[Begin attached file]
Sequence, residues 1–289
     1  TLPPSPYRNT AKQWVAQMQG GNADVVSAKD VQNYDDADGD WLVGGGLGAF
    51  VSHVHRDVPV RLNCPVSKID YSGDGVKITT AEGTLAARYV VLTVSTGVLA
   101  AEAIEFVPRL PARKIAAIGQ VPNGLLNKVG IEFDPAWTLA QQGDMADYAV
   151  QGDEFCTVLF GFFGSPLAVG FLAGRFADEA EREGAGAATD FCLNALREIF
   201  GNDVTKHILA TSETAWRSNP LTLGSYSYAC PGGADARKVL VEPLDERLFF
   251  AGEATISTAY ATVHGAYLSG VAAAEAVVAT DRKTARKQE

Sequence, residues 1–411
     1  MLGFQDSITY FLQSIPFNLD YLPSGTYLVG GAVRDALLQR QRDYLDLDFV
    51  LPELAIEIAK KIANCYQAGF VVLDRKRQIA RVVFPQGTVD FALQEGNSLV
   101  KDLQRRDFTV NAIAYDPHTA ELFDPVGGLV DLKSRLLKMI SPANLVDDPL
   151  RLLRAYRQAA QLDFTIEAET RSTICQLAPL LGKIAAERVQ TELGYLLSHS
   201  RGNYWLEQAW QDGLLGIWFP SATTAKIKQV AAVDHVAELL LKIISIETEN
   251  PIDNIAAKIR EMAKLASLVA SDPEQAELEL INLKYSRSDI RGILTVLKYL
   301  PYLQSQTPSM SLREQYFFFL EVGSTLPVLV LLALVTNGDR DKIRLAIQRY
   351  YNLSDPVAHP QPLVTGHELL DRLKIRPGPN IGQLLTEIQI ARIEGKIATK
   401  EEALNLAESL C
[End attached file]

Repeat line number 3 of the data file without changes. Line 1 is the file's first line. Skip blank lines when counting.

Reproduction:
    51  VSHVHRDVPV RLNCPVSKID YSGDGVKITT AEGTLAARYV VLTVSTGVLA